Acclaimed Documentary about Luciano Pavarotti
By LAUREL BUSBY
Palisades native Jeanne Elfant Festa never got the chance to meet Luciano Pavarotti, but she is now friends with several of his family and friends.
Elfant Festa, a 1982 PaliHi grad, developed the relationships while producing the recently released documentary, “Pavarotti,” which chronicles the life of the late opera virtuoso.
“I think I’ll be friends with his family and friends for the rest of our lives,” said Elfant Festa, noting that creating a documentary about a man with living relatives requires a special sensitivity. “We develop very good relationships and trust. That takes a long time. It takes longer than one thinks, because it’s organic.”
This trust is the most essential building block for a strong documentary, Elfant Festa continued. Although a good story is, of course, also essential, and such a story generally begins with an intriguing subject. With Pavarotti, a celebrated and immensely popular tenor who died in 2007 of pancreatic cancer, they had found a particularly charismatic, joyful man to illuminate.
“He had touched an emotional chord and resonated in so many different countries and so many different cultures,” said Elfant Festa, noting that his work had more than 100 million YouTube hits. “That just struck us in a wonderfully good way.”
It also struck Oscar-winning director Ron Howard, who helmed the project, and the resulting collaboration has attracted strong viewership for a documentary, earning about $4 million since its release last month, including an average of more than $7,500 per theater on opening weekend. In addition, reviews have been largely positive, and the movie has earned a 98 percent audience score on Rotten Tomatoes.
“Pavarotti” has also succeeded in pleasing varied family members, which is a feat considering the singer’s complicated romantic relationships. While married to his first wife, Pavarotti had a longtime romance with his assistant. Another affair led to the end of his first marriage, an estrangement with three of his daughters, and eventually resulted in a marriage to his second wife.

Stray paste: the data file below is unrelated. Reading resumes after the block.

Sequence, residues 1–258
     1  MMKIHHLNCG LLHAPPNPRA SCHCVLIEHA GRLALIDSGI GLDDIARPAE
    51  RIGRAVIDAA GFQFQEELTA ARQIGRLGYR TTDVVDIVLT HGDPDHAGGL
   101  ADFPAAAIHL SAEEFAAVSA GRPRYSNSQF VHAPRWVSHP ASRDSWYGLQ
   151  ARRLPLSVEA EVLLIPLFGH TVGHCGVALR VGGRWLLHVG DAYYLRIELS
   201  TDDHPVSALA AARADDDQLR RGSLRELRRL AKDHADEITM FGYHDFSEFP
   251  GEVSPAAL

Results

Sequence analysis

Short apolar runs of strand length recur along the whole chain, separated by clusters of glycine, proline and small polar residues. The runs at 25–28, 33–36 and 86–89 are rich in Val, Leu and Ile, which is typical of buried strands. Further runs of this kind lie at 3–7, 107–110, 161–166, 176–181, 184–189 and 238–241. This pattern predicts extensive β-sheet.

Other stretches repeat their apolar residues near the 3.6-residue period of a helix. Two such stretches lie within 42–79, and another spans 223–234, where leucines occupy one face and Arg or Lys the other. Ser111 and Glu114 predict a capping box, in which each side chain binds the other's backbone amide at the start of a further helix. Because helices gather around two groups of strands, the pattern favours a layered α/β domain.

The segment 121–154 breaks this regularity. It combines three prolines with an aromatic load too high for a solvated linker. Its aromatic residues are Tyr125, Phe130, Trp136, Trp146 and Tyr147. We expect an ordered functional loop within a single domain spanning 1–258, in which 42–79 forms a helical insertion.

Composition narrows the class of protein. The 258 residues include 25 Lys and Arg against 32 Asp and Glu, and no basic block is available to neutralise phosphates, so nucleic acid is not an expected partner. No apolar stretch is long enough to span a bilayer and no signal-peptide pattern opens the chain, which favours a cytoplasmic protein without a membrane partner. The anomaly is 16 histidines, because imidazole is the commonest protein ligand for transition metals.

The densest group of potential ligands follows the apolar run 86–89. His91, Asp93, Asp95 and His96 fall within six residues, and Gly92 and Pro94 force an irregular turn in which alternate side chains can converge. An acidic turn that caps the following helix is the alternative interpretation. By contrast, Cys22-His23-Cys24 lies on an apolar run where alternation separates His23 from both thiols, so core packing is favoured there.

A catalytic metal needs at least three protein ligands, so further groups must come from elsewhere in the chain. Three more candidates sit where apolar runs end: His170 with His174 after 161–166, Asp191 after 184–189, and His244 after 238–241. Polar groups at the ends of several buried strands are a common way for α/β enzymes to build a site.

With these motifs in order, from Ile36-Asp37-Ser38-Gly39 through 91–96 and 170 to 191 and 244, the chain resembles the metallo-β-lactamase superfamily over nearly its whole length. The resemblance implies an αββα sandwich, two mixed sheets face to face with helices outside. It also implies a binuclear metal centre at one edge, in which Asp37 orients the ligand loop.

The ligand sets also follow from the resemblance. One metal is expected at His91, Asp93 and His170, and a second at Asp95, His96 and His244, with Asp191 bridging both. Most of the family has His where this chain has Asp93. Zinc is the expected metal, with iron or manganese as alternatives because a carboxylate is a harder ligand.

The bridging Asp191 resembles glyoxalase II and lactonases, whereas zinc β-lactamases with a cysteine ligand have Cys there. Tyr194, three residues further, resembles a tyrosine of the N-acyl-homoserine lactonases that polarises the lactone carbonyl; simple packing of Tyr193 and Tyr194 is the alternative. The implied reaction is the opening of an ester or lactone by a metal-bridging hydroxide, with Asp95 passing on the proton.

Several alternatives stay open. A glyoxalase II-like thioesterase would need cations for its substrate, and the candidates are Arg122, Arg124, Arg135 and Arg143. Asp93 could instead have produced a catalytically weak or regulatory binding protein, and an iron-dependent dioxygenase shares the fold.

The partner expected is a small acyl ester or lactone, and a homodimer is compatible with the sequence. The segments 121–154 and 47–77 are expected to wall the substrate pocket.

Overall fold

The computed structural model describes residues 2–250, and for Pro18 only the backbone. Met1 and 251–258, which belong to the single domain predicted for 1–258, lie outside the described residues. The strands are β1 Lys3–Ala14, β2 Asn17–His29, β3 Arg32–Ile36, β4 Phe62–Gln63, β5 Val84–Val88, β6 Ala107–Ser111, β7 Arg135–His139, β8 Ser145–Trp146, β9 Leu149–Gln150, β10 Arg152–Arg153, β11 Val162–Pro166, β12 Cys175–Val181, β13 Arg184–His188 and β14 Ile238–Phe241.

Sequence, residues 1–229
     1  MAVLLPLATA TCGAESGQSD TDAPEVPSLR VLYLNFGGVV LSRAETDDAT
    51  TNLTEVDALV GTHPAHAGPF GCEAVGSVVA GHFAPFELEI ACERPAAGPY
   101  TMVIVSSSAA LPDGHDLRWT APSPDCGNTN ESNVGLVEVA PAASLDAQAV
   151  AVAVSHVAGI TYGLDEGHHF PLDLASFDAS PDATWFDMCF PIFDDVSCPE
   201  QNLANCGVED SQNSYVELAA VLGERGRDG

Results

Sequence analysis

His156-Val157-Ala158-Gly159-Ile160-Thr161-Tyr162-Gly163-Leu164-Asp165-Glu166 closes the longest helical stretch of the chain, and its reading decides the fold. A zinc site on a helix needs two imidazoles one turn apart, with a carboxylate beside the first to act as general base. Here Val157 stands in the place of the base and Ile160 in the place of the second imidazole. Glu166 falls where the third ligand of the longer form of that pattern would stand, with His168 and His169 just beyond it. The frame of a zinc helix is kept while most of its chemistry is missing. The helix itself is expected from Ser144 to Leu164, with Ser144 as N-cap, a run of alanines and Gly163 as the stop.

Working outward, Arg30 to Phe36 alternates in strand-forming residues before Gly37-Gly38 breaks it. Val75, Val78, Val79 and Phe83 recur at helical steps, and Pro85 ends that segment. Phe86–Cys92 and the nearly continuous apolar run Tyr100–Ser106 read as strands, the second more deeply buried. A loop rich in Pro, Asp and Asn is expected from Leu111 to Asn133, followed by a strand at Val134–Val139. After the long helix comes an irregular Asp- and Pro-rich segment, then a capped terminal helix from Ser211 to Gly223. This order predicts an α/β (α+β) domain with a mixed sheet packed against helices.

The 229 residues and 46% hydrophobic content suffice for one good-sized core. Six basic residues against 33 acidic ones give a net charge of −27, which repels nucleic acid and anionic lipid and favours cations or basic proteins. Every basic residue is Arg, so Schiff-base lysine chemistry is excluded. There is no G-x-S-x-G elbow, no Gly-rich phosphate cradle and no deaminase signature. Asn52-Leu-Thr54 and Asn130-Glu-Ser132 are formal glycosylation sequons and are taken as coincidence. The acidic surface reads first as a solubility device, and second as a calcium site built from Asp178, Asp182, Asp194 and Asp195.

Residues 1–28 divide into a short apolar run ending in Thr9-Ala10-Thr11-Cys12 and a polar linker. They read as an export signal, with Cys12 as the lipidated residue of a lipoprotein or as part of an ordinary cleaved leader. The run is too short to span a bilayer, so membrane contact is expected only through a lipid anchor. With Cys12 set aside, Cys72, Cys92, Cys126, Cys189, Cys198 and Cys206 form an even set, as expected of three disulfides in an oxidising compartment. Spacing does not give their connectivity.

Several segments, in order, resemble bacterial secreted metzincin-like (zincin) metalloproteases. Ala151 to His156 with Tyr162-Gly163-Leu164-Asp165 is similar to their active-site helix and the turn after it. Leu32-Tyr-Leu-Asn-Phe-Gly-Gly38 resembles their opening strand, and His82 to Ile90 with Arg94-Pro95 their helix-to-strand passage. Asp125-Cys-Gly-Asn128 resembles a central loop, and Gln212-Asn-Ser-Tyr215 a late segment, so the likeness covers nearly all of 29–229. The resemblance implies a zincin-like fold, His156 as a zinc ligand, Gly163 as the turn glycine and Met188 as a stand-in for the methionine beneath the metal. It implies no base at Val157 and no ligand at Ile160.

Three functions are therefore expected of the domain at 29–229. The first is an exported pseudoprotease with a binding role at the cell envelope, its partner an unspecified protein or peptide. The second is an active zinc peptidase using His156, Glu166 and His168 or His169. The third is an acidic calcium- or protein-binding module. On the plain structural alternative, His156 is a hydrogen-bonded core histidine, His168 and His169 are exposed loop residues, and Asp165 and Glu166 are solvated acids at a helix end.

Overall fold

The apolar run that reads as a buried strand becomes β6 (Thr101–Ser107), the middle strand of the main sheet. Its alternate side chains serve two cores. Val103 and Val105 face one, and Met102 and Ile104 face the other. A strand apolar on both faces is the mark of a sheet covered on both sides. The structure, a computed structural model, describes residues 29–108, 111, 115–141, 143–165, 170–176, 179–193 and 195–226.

His wife, his ex-wife, his three older daughters, and his assistant were interviewed and featured in the documentary, which doesn’t shy away from scandals, but also never sensationalizes them. The emotive singer and his music is always the center of the film.
“It’s a delicate balance, because we came into this with the intention of making the film with the full support of both families, and we have,” said Elfant Festa, the executive producer. “We have built a bridge with the families and very much hope that this will form their relationships for the future.”
Respectful, yet illuminating music documentaries are one hallmark of White Horse Pictures, where Elfant Festa has headed documentary production since the company’s formation in 2014. White Horse has a catalog of a dozen music documentaries, including some created at her previous company, Exclusive Media, and some on the horizon, such as the fall release, “The Apollo,” about New York City’s influential Apollo Theater.
The movies explore some of the most iconic figures in rock music, including The Beatles, The Who, Billy Joel and Bob Dylan, and the company has several upcoming titles, including an exploration of the Bee Gees.
However, Elfant Festa’s first feature documentary centered on the Foo Fighters, a band led by Nirvana’s former drummer, Dave Grohl. “Foo Fighters: Back and Forth,” which was directed by James Moll and won a Grammy in 2012, delves into both the birth and growing pains of the band of which Elfant Festa was a huge fan. The project also provided her a good initiation into the music documentary world, which she found to be a perfect fit.